(2) It is possible that extreme hyperventilation to levels below 20 mm Hg can lead to ischemia due to vasoconstriction; thus, hyperventilation below 30 mm Hg is not recommended clinically.
Autoregulation allows CBF to remain constant if the cerebral perfusion pressure (CPP) varies between 50 and 150 mm Hg. Signs of cerebral ischemia are seen below 50 mm Hg; above 150 mm Hg, disruption of the blood-brain barrier (BBB) and cerebral edema may occur. The adjustment of flow to abrupt changes in pressure requires 30 to 180 seconds (Figure-2).
The mechanism of autoregulation is not completely understood but is likely to be a combination of effects including myogenic and metabolic factors.
(1) Myogenic activity of the vessel wall musculature occurs in response to increased distending pressure. In isolated vessels, when the vessel wall is stretched, as it would be by increased blood pressure, the smooth muscle contracts, causing a vasoconstriction that reduces flow. This balances out the increase in blood flow due to the increased pressure, resulting in little net change in blood flow.

Figure-2. Autoregulatory curve of the cerebral vasculature in the normotensive adult, the hypertensive adult, and the newborn.

(2) The metabolic theory states that reduced pressure leads to reduced flow and the buildup of metabolites. This buildup in metabolites and the decrease in local pH lead to a local vasodilatation and thereby an increase in blood flow back to normal.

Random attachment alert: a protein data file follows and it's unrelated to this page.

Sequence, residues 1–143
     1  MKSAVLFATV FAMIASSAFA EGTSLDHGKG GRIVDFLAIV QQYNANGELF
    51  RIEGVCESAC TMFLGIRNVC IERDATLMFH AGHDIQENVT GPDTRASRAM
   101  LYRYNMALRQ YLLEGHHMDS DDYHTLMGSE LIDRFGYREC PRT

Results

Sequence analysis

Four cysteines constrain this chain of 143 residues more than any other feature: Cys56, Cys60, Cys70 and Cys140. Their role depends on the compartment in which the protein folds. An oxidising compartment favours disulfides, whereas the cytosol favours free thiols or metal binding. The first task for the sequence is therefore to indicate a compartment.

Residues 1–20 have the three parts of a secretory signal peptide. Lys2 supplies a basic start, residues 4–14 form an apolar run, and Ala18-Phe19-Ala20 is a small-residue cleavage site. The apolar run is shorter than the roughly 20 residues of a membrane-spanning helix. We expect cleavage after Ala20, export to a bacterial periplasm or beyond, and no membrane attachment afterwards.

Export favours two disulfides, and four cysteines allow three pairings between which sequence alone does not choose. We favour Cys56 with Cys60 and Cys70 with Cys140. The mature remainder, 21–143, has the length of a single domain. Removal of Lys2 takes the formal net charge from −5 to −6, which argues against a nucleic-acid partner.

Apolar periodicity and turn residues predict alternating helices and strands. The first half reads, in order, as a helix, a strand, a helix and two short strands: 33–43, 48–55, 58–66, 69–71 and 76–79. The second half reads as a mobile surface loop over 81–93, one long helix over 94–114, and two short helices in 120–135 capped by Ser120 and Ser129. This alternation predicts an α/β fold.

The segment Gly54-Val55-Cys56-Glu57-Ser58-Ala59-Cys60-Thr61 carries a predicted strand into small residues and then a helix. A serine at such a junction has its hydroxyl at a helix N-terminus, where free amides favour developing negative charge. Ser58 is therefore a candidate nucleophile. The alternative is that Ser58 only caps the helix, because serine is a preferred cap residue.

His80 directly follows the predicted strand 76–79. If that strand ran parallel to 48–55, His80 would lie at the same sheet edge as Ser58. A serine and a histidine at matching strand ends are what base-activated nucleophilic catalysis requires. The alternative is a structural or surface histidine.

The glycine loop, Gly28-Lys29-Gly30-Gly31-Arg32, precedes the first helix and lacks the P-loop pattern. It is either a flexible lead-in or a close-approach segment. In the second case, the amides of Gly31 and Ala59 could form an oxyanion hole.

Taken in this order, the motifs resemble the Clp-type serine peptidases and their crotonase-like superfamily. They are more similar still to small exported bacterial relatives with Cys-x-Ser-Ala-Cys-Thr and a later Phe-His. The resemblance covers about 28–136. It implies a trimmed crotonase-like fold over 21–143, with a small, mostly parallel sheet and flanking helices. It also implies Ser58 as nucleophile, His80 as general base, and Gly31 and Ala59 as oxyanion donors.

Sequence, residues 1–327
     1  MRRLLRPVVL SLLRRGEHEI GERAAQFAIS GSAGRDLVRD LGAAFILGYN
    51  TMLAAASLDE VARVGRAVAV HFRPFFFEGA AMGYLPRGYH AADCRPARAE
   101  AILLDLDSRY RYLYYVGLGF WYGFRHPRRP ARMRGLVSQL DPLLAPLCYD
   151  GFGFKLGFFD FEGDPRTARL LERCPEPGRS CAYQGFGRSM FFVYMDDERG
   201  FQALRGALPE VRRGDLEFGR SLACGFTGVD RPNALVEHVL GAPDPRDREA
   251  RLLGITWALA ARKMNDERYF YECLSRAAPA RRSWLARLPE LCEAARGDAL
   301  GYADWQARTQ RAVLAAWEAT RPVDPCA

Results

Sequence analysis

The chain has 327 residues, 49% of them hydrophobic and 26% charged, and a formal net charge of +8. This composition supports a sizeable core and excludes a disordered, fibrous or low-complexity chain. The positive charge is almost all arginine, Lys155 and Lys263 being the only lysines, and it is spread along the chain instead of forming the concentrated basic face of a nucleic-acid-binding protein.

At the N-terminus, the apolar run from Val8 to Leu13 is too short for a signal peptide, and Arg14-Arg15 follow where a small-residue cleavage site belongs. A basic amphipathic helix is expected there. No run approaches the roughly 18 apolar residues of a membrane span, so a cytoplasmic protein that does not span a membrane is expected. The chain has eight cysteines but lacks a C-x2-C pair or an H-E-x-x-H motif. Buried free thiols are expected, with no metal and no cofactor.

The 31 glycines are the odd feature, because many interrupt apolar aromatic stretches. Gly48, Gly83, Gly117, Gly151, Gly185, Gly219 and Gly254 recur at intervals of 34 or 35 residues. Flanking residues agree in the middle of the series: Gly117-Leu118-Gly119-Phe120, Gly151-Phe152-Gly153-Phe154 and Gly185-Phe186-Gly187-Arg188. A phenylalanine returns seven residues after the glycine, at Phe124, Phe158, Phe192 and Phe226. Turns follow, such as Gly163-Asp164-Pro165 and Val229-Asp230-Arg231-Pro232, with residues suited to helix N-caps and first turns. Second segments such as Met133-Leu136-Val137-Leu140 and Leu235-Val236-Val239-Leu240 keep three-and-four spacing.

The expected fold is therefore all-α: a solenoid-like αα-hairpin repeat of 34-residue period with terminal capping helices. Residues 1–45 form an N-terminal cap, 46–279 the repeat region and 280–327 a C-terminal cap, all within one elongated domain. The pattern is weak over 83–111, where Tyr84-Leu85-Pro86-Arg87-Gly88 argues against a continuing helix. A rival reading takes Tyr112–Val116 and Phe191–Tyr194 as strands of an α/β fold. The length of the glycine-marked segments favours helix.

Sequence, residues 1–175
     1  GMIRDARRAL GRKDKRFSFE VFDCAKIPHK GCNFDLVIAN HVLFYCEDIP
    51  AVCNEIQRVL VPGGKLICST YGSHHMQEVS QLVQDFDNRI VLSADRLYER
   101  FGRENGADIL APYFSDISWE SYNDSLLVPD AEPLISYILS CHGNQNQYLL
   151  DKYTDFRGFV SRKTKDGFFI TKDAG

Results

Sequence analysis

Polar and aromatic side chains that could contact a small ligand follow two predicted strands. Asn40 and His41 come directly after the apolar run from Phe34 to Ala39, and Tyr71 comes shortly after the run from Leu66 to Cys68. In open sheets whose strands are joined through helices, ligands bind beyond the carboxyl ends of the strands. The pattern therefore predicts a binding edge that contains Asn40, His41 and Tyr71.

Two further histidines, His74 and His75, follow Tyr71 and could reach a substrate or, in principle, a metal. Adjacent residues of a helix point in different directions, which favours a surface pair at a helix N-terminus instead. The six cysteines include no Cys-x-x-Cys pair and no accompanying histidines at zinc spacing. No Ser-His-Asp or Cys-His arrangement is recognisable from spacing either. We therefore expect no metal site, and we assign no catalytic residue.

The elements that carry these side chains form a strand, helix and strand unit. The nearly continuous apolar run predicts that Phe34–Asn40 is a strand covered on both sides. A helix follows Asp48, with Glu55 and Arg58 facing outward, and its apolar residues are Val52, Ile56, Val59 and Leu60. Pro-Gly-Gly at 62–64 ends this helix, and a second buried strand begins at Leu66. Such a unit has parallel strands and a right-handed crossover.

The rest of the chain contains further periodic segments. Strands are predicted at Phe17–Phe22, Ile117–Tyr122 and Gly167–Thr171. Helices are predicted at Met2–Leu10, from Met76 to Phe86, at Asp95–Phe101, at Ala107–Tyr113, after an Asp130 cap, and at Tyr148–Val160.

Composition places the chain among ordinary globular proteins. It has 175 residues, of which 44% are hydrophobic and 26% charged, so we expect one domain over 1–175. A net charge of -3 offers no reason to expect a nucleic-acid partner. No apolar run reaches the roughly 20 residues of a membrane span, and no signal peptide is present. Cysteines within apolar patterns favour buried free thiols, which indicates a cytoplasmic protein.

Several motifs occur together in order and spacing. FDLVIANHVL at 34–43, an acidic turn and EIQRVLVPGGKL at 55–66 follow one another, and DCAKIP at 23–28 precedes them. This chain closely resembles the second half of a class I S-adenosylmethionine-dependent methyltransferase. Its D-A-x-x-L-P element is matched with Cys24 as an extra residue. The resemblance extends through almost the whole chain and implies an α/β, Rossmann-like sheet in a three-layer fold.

(3) Autoregulation can be impaired by hypoxia, ischemia, hypercapnia, trauma, and certain anesthetic agents.
(4) Patients who are chronically hypertensive or have a high sympathetic tone have a shift in the autoregulatory curve to the right. They may demonstrate signs of ischemia due to reduced blood flow at pressures above the lower limit for normotensive individuals.
The partial pressure of oxygen (PaO2) has little effect on global CBF until it falls below 50 mm Hg. At this point, a dramatic increase in blood flow with further reductions in PaO2 occurs. Since the oxygen-carrying capacity of blood is high, a critical reduction in the oxygen content of the blood might not occur until the Pao2 falls below a threshold of 50 mm Hg (Figure-3).
Neurogenic factors including adrenergic, cholinergic, and serotonergic systems also influence CBF. Their greatest influence is on larger blood vessels.
The hematocrit alters blood viscosity and thereby can affect blood flow. A low hematocrit can increase blood flow by decreasing blood viscosity.
Hypothermia decreases neuronal metabolism and thereby reduces CBF; hyperthermia has the opposite effect.

Figure-3. Relationship between cerebral blood flow and PaO2, arterial oxygen tension.

The metabolic rate of neurons surrounding the microvasculature regulates regional blood flow. If the activity of these neurons increases, their metabolic rate increases, and the blood flow to that region increases to meet the demand for oxygen and glucose. This property has been exploited using positron emission tomography to functionally map brain activity.